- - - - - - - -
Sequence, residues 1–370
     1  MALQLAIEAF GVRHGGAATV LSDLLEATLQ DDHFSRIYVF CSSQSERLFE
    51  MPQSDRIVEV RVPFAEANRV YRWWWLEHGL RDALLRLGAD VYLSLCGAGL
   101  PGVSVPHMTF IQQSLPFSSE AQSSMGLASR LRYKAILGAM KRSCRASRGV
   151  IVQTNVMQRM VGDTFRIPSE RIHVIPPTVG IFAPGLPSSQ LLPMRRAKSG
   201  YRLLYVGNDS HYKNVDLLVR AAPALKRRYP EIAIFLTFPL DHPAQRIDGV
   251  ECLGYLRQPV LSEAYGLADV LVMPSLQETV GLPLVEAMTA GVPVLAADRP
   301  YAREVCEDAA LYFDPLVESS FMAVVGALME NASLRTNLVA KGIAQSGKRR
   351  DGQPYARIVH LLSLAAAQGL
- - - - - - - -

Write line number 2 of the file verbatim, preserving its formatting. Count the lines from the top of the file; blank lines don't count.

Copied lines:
     1  MALQLAIEAF GVRHGGAATV LSDLLEATLQ DDHFSRIYVF CSSQSERLFE